The west coast main line is one of the most important pieces of transport infrastructure in this country, as it links the capital with major population centres such as Birmingham, Liverpool, Manchester, Glasgow and Edinburgh. Importantly for my constituents, as my hon. Friend said, it also connects to the north Wales main line, which links the capital to north Wales towns and Holyhead, which is the principal ferry port to Ireland.

For my constituents, the west coast and north Wales main lines are a lifeline to the capital city and the major cities of the north-west and the midlands. North Wales is an extremely important holiday destination, so it is vital for the north Wales economy that there should be good, reliable and frequent links to London and other cities. Similarly, north Wales businesspeople and travellers are entitled to have those links to the capital.

Sadly, the rail network is currently beset by strikes, but that aside, north Wales has not enjoyed a decent train service for quite a long time. For many years, as we have heard, the franchise was operated by Virgin Trains and the service was generally regarded as good, reliable and efficient. In 2019, however, the franchise was granted to Avanti West Coast, which is a joint venture of FirstGroup and Trenitalia, as we have heard. Since then, matters have declined considerably. It is ironic that an Italian company is involved, because it used to be said that the only decent thing that Mussolini ever did was make the Italian trains run on time.

It is no exaggeration to say that Avanti has performed deplorably for much of the year, and nowhere has that performance been more lamentable than in north Wales. For much of the time since August, there has been, at best, only one through train a day between Holyhead and London. Travellers from stations across north Wales have been obliged to change trains once and sometimes twice at Chester and Crewe. The north Wales main line has been reduced to the status of an inefficient branch line.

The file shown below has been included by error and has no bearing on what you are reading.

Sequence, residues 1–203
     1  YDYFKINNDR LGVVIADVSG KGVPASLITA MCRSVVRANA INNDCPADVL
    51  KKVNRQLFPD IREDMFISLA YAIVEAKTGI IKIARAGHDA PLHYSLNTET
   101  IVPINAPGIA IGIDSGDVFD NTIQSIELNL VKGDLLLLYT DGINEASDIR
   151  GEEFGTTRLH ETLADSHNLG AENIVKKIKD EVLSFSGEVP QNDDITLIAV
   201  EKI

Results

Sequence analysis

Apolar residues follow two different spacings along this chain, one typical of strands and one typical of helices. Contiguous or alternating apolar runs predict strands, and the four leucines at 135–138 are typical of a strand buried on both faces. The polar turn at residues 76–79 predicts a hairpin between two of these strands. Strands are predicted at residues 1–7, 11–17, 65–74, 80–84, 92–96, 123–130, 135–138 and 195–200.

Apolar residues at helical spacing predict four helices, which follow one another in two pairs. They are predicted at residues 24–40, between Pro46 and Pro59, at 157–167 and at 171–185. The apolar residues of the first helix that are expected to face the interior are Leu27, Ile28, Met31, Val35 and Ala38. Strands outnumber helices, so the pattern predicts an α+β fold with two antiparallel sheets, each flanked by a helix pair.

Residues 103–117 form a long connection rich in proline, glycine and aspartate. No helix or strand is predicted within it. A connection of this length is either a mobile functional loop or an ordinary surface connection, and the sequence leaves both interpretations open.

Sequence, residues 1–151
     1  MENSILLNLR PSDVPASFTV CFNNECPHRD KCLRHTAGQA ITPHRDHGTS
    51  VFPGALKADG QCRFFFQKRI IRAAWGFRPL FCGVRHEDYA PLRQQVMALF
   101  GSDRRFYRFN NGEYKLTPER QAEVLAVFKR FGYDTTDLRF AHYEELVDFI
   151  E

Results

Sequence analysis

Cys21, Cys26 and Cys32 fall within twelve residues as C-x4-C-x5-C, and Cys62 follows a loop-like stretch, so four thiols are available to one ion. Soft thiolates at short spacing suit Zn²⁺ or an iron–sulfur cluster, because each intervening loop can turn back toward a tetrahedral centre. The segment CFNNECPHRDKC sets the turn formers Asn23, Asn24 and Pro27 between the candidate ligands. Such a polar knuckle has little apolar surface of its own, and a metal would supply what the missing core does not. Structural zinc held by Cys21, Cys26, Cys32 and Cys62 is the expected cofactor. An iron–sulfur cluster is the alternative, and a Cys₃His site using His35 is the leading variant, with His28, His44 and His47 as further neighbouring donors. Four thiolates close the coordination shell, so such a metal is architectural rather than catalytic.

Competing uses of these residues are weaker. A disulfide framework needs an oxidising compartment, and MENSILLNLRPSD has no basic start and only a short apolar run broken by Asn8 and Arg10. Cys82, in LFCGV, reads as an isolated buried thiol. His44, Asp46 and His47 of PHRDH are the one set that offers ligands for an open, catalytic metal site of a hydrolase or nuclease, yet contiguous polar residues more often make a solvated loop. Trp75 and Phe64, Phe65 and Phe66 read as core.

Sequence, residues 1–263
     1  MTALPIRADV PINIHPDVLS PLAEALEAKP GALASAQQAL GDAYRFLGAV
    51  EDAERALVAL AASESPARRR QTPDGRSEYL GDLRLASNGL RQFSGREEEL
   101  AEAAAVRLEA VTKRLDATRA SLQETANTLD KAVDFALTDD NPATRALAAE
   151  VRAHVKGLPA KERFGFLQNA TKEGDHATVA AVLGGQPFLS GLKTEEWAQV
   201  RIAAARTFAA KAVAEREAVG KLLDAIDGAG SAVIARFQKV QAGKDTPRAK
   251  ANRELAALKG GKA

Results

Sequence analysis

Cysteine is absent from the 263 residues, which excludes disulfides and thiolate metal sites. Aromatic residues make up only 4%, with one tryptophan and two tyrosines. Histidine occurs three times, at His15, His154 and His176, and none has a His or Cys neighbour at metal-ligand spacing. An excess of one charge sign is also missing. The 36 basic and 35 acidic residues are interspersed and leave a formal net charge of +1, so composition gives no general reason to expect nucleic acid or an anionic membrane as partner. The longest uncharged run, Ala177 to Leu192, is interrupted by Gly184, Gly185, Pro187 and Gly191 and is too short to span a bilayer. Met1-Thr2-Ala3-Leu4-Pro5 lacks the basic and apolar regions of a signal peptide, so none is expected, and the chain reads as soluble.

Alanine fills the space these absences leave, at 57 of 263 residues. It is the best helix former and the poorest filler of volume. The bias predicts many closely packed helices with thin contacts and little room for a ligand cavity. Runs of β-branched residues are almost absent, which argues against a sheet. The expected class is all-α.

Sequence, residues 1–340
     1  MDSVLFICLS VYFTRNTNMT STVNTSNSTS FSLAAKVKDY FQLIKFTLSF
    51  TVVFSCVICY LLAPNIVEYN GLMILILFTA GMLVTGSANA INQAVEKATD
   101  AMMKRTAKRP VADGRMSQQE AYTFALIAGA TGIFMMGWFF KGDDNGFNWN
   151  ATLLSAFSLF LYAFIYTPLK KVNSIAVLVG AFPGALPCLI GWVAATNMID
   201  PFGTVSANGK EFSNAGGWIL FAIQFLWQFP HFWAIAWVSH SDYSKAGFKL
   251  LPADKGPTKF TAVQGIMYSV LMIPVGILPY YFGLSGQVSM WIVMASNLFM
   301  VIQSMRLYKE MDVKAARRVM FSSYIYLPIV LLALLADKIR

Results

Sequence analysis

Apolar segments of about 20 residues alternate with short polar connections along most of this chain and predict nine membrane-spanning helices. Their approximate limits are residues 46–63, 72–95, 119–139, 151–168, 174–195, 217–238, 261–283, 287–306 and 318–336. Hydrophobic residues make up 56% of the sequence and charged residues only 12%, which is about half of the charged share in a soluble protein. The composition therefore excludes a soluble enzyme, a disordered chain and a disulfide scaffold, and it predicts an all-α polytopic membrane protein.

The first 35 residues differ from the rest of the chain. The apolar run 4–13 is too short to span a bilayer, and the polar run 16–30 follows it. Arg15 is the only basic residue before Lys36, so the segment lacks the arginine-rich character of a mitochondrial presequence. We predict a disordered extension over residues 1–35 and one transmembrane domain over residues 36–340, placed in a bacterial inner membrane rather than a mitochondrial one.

Complaints are legion. I will give the House a flavour of some of the complaints that I have received from my constituents. One said:

“The current North Wales to London service is the worst I have known in the 30 years that I have used it”,

and that that makes it “impossible” for them or their wife

“to hold UK-wide appointments which require our attendance at meetings in London.”

Another said that Avanti’s management of the west coast route is

“limiting our growth, because we can no longer rely on trains to and from London, as we did when Virgin ran the train line. As such, we have missed many business opportunities because we have had so many trains cancelled, resulting in our clients losing confidence in our service. We have also had return trains delayed, meaning we have incurred unnecessary expense and inconvenience as we have had to stay in hotels and lose valuable working hours the next day.”

I received one on Monday that said:

“I returned to Colwyn Bay on the 18:10 Avanti train from London Euston last Friday. The train consisted of only five coaches instead of the advertised 10 and effectively departed dangerously overloaded due to the number of passengers having to stand. The on-board seat booking system was absent, causing much confusion, no refreshment/buffet service available, and the service arrived over 20 minutes late to Colwyn Bay. In all, a very poor service, which, sadly, I have become accustomed to.”